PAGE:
22. 2006 Policy Statement “Active healthy living: prevention of childhood obesity through increased physical activity” Lifestyle-related physical activity as opposed to aerobics linked to sustained weight loss Infants and toddlers should be allowed outdoor physical activity and unstructured free play and exploration Parents should encourage children to play outside as much as possible American Academy of Pediatrics (AAP) AAP Council on Sports Medicine and Fitness and Council on School Health. Pediatrics 2006;117:1834-1842.

  23. Health Benefits of Nature and Outdoor Activity Part II: Mental Health

  24. Nature as a Restorative Mechanism • Nature alone can influence recovery from surgery • Compared 23 matched pairs of patients who underwent a cholecsytectomy • Randomly assigned the post-surgery patients to either rooms facing a brick wall or rooms with views of nature • Findings: those facing nature had shorter post-operative hospital stays, fewer negative comments from nurses, and took less analgesics • Suggests that viewing nature alone can aid in the path of recovery Ulrich RS. Science, 1984;224:420–421.

  25. Nature as a Restorative Mechanism • RCT- used distraction therapy during a flexible bronchoscopy (FB) while consciously sedated • Randomly assigned to either a normal FB or FB plus distraction therapy (nature sights and sounds) • Patients rated the level of pain experienced and anxiety • Findings: Pain control was much better for the intervention group than the control groups [OR: 4.76] • Clinicians should supplement analgesic medications with an inexpensive, non-invasive method of distraction therapy Diette GB et al. Chest 2003;123:941-8.

  26. Effects of Nature on Crime • How could vegetation decrease crime? • More eyes on the street • Well maintained vegetation can act as a ‘territorial marker’ – implied surveillance • Mitigation of Mental Fatigue Symptoms • Compared crime rates for 98 Chicago Public Housing Buildings with different levels of vegetation • Homogeneous population for Income, Education, Life Circumstances • Controlled for • # of apartments per building • Building height • Vacancy rate • # of occupied units Kuo et al. Environment and Behavior 2001; 33; 343-367.

  27. Effects of Nature on Crime

  28. Reduce Childhood Stress • Study of 337 rural NY children in 3-5 grade • Examined child’s self-worth and levels of psychological distress • Identified whether they live in natural environment, using “Naturalness Scale” • Lewis Stressful Life Events Scale • Questions about bullying, argue with parent, peer pressure, recent moves • Frequency of occurrences, not severity • Rutter Child Behavior Questionnaire, Global Self-Worth subscale Wells NM & Evans GW. Environment and Behavior 2003;35:311-330.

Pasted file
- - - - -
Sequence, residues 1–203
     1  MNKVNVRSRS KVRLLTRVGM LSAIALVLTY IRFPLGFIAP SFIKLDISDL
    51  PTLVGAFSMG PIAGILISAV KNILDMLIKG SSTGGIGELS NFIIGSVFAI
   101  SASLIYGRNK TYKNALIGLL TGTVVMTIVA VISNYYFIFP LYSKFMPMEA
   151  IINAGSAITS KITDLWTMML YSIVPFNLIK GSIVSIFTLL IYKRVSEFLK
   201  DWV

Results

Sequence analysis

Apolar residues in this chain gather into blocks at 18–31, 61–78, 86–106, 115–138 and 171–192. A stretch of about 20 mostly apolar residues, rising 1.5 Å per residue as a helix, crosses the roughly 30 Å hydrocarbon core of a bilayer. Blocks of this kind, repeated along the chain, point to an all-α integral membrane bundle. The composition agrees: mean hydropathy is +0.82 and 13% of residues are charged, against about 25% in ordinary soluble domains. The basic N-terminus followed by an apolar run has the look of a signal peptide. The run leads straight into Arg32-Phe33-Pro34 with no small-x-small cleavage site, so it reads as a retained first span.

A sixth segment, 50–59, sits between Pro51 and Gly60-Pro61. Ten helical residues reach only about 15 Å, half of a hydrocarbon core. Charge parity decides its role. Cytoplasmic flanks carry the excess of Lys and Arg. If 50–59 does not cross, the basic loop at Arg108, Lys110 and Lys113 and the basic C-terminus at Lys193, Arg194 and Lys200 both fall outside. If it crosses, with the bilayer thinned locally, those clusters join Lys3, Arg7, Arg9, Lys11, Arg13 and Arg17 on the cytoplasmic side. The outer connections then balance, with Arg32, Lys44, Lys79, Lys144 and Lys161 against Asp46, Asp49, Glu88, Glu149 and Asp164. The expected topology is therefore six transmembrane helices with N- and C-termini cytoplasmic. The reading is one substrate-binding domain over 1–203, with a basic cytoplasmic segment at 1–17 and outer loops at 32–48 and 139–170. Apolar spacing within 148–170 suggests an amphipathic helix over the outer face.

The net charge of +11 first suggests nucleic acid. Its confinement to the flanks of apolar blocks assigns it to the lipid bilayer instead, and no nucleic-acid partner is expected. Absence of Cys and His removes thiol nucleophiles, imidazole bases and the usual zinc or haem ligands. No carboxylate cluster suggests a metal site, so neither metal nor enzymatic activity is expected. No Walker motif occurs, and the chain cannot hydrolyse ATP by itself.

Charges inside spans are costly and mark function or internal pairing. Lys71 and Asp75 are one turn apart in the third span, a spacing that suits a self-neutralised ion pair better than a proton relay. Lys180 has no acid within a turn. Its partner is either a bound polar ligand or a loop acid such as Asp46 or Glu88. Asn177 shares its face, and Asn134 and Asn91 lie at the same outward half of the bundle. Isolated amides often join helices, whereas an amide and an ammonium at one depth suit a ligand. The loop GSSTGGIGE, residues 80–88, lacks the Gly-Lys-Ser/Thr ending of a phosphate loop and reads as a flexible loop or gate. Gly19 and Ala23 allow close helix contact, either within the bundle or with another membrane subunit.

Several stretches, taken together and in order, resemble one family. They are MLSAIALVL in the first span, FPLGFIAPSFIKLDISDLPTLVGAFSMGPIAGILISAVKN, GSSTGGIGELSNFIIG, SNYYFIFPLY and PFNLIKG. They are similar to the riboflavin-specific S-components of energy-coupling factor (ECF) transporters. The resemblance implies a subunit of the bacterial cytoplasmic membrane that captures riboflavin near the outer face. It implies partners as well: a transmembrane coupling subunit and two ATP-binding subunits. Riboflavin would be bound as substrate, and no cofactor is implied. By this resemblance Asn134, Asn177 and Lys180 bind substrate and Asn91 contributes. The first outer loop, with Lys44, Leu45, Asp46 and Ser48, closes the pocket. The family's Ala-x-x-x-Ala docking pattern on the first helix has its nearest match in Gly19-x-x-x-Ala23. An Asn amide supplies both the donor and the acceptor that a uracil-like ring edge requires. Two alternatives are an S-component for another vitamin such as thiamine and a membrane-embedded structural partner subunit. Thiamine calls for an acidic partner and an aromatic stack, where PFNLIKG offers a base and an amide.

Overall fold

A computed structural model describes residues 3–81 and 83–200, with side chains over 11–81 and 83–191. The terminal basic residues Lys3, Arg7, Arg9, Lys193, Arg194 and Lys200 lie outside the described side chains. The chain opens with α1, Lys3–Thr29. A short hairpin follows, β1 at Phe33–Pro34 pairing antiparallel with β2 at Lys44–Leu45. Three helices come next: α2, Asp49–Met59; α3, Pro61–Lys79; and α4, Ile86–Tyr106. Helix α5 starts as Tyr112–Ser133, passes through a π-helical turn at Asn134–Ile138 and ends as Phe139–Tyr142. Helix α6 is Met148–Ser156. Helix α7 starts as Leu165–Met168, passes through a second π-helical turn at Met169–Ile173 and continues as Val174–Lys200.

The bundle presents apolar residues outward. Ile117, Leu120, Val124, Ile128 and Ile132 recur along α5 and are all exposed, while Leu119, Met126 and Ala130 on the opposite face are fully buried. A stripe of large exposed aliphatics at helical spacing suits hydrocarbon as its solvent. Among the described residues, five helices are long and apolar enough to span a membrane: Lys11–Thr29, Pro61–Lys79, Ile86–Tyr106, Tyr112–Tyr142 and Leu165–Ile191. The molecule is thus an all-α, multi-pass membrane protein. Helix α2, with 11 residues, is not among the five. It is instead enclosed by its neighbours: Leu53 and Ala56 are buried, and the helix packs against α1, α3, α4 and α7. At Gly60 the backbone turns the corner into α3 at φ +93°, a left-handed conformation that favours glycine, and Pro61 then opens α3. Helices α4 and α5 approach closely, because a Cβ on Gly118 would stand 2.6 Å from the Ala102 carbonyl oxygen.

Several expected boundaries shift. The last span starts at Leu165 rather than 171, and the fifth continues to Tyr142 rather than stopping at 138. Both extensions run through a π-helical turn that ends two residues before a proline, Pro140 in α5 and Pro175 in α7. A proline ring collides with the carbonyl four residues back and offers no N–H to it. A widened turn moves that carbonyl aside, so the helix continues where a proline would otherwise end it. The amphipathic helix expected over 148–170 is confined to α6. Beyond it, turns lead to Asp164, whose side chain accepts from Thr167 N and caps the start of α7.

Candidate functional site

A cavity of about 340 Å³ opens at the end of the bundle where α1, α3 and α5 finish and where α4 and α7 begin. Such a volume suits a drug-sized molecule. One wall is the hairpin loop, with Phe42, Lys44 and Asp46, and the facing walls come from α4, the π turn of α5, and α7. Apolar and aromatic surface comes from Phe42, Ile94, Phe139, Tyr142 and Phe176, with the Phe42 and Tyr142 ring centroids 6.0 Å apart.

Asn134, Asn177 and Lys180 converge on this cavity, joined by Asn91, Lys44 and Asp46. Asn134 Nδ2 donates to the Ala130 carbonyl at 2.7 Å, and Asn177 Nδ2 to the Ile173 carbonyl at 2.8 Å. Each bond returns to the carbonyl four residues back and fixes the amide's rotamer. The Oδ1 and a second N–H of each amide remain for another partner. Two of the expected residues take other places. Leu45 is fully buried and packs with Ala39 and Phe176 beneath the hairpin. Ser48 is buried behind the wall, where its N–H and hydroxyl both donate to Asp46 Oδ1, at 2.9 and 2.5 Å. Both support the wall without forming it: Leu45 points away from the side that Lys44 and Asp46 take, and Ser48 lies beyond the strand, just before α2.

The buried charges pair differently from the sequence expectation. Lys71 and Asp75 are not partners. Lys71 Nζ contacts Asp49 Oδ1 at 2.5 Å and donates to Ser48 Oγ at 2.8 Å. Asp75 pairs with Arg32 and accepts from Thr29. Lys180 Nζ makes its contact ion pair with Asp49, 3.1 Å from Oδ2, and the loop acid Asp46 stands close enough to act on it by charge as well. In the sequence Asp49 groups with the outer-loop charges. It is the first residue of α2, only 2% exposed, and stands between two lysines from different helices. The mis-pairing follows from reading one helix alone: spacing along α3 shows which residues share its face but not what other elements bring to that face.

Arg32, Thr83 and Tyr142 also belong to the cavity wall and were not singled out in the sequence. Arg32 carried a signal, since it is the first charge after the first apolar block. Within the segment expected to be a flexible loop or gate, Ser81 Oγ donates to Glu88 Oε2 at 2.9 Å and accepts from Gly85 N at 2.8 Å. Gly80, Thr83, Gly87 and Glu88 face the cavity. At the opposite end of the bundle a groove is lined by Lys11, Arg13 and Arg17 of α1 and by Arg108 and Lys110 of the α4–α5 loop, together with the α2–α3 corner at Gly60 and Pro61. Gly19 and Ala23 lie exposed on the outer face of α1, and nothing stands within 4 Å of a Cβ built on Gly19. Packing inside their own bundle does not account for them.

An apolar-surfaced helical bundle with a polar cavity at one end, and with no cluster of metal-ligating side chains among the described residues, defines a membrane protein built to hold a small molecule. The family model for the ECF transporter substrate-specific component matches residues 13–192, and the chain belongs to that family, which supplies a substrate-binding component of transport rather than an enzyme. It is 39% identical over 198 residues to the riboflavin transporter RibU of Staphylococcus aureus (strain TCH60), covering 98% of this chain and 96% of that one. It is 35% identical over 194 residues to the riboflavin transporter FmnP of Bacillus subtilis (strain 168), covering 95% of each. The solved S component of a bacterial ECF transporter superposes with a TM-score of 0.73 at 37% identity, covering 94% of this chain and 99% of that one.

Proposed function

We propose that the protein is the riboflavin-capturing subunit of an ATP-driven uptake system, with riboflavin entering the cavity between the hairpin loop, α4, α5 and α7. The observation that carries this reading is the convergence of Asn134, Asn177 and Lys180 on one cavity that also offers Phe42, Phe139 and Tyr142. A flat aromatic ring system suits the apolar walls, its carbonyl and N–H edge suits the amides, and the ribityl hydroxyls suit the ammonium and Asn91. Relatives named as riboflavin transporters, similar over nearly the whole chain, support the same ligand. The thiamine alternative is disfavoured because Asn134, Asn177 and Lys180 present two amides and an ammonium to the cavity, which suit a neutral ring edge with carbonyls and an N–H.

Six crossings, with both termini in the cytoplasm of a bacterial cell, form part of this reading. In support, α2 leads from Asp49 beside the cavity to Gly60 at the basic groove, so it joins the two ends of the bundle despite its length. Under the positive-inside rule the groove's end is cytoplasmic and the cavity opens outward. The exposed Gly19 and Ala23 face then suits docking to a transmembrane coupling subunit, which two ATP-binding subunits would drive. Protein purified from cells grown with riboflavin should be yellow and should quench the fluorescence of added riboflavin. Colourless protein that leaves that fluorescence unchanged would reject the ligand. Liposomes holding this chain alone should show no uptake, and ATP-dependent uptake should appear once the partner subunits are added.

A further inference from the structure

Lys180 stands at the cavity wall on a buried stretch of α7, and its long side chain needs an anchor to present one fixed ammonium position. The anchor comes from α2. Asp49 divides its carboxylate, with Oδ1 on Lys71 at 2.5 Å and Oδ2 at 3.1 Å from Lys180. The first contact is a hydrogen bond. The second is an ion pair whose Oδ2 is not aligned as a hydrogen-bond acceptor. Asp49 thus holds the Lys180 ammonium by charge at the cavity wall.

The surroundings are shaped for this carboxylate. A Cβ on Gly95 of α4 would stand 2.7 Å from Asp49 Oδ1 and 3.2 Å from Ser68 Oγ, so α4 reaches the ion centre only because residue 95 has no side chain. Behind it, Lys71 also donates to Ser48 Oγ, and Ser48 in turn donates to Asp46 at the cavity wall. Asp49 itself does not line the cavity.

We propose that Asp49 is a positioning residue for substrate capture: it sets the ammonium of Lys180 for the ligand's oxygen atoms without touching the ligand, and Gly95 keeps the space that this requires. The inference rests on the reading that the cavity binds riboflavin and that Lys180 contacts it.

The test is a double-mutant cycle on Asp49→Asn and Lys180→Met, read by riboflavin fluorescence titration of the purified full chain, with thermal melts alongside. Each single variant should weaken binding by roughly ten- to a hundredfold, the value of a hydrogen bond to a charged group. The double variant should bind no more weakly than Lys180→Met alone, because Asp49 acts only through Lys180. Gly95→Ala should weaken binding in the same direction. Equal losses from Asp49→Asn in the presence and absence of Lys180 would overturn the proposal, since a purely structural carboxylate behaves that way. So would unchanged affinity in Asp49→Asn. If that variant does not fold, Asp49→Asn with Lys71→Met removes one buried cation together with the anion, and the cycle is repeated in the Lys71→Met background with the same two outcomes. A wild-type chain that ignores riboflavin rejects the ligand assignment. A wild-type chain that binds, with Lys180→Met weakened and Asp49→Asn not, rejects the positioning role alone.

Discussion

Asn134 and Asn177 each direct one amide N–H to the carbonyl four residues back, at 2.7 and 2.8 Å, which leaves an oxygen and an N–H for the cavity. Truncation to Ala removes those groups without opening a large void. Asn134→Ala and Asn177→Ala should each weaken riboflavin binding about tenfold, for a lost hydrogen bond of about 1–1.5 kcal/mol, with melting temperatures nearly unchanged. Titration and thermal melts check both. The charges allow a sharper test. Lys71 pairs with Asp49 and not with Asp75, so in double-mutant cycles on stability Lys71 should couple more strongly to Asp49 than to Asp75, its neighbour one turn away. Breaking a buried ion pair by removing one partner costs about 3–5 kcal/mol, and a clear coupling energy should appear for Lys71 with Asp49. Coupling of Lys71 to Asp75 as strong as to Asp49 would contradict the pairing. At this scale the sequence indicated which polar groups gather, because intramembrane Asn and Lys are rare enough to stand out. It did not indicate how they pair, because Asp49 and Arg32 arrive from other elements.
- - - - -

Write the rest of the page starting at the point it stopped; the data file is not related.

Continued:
29. Reduce Childhood Stress Results • Nature appeared to act as a buffer to decrease stress in rural children • Lower levels of stress in the child were noted with increased amount of exposure to natural environments • The nature exposure effect was especially pronounced for children with the highest levels of stressful events • Higher nature associated with positive self worth Wells NM & Evans GW. Environment and Behavior 2003;35:311-330.

  30. Physical Activity in Natural EnvironmentsEffects on mood and blood pressure • Synergistic health effects between physical activity and exposure to nature (“green exercise”) • Intervention: Subjects ran on treadmill while shown 4 different themes of pictures • Rural pleasant, urban pleasant, rural unpleasant, urban unpleasant photographs • Results: the rural and urban pleasant nature pictures showed a significant reduction in blood pressure and a more positive effect on mood than exercise alone • Participants in the rural pleasant group had the largest reduction in blood pressure Pretty J et al. Internat J Environ Health Res 2005;15:319-37.

  31. Effects of Nature on ADD/ADHD • Does contact with nature improve inattentiveness? • Survey of parents compared child’s symptoms when engaging in various settings • Indoor setting– windowless room • Natural outdoor setting– park, farm, outdoor neighborhood public space Taylor AF et al. Environment and Behavior 2001;33:54-77.

  32. Effects of Nature on ADD/ADHD • Outcome measure were 4 inattentive symptoms • Inability to stay focused on unappealing tasks • Inability to complete tasks • Inability to listen and follow directions • Being easily distracted • Findings • Activities in natural settings were helpful in reducing inattentive symptoms • As tree cover in the setting increased, inattentive symptoms decreased Taylor AF et al. Environment and Behavior 2001;33:54-77.